Entrepreneurial and financial skills get jobs
A nation-wide survey of employers found personal financial responsibility and entrepreneurial skills as an emerging area of need for new hires
Do you think that your knowledge of how to balance a checkbook or create a budget will help you get a job? Are skills in risk-taking, initiative or other entrepreneurial and financial management skills critical to have in getting a job? If you answered “yes” to both questions, you understand one of the emerging critical areas found by the “Are They Really Ready to Work” report.
The report surveyed more than 400 nation-wide employers in 2006. They found that more than 70 percent of employers identified “Exercise personal financial responsibility and use entrepreneurial skills to enhance workplace productivity and career options” as an emerging content area for new employees.
While many employers may offer some basic information on financial planning (including retirement planning) and career training, the shift is moving toward personal responsibility in this area. Having employees who are skilled and knowledgeable in these topics prior to hiring means that the company has to invest less fiscal resources into training those staff and those skills are generally transferable to other work areas (i.e. budgets, planning, realistic career path goals, etc in their work role). The role and responsibility for professional development is becoming more focused on the individual and less on the organization.
As an individual, here is what you can do to enhance your skills in this emerging content area:
- Take financial education classes at community colleges, financial institutions, with Michigan State University (MSU) Extension or other community-based organizations.
- Take a business or entrepreneur class; many are offered through business colleges or MSU Extension.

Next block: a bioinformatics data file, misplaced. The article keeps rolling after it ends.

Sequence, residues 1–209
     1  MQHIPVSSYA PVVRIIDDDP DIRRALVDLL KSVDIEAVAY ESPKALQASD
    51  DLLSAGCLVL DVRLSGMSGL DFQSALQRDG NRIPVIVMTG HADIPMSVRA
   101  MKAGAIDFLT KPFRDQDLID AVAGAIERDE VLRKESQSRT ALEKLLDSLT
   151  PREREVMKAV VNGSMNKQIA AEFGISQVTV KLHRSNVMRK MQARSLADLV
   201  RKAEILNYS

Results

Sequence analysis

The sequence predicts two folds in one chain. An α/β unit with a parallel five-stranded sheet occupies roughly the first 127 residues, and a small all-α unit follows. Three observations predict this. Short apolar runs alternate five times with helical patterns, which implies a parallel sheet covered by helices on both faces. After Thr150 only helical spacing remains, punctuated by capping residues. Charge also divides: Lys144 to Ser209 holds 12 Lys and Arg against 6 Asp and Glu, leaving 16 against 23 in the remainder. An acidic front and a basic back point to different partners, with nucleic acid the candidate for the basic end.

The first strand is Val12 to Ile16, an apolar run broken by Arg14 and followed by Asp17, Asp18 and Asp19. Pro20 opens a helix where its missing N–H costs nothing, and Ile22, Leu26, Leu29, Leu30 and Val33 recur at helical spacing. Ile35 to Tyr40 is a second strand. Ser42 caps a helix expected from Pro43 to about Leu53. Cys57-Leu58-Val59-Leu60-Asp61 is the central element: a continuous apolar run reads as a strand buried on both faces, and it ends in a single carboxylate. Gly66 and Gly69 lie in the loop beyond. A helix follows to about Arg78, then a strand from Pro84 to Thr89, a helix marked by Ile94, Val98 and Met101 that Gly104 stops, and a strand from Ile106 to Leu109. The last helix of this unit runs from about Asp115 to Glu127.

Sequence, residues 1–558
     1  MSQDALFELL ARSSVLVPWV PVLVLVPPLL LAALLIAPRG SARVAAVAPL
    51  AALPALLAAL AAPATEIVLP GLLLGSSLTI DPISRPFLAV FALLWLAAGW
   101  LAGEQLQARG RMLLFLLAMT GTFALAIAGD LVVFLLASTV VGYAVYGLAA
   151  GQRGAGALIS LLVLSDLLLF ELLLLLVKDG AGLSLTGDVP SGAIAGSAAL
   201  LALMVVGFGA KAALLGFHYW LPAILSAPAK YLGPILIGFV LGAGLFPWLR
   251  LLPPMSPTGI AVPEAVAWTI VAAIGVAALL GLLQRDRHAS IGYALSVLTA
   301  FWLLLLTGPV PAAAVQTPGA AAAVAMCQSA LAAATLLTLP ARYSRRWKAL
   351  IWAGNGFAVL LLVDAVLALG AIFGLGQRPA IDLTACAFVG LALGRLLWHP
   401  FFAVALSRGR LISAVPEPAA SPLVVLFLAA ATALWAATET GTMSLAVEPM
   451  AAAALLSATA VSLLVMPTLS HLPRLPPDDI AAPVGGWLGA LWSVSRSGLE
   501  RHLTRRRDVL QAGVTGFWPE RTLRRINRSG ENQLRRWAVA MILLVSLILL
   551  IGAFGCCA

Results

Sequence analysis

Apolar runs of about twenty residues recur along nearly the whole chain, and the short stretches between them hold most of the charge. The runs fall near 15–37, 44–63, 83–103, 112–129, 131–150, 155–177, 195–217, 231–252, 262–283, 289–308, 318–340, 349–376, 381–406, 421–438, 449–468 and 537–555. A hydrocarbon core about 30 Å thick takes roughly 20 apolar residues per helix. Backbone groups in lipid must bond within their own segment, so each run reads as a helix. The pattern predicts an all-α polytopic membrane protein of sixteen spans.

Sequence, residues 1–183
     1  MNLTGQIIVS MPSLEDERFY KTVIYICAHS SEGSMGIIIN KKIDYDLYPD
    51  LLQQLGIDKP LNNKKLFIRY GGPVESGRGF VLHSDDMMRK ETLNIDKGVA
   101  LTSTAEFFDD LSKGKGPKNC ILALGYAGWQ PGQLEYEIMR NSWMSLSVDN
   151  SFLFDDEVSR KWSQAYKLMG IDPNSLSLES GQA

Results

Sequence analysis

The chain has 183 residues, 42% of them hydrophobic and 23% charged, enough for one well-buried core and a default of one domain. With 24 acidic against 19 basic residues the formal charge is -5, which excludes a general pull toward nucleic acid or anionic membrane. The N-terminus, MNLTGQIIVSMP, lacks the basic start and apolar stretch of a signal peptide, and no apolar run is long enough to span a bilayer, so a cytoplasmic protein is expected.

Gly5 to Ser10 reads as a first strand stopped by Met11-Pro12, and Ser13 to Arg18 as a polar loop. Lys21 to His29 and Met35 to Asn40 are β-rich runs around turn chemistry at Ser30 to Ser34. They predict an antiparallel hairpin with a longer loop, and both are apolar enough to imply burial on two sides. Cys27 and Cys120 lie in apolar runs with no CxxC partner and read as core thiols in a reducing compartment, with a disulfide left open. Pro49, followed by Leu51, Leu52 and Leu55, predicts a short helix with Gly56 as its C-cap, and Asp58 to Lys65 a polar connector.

- Read articles or watch online videos that cover entrepreneurship or financial education topics.
- See a financial professional at a financial institution to learn more about ways to make your money work for you.
- Attend sessions on retirement planning, budgeting or saving during events such as Money Smart Week or America Saves Week.
- Create a budget of your personal finances; you can use this knowledge and this experience as a reference to your skill in this area.
- Attend a Michigan 4-H Youth Development Entrepreneur, Career Exploration, or Financial Education program in your local community or at the Kettunen Center or during Exploration Days.
- Check out and engage in learning with the resources on the Michigan 4-H Youth Development website for entrepreneurship, financial education and career exploration. These sites contain great tools for youth to use or for adults to use with youth.
- Participate in Global Entrepreneurship Week if you are a youth. If you are an adult, check out the site and hold an event or use activities from the site during this week to help improve youth’s entrepreneurial skills.
The “Are They Really Ready to Work” report found financial management and entrepreneurial efforts as a needed skill for new graduates. Professional development, both before and during a career, is becoming a personal responsibility. Take the steps to learn about these emerging content areas today!
Related MSU Extension news article: Health and wellness an emerging skill for graduates searching for jobs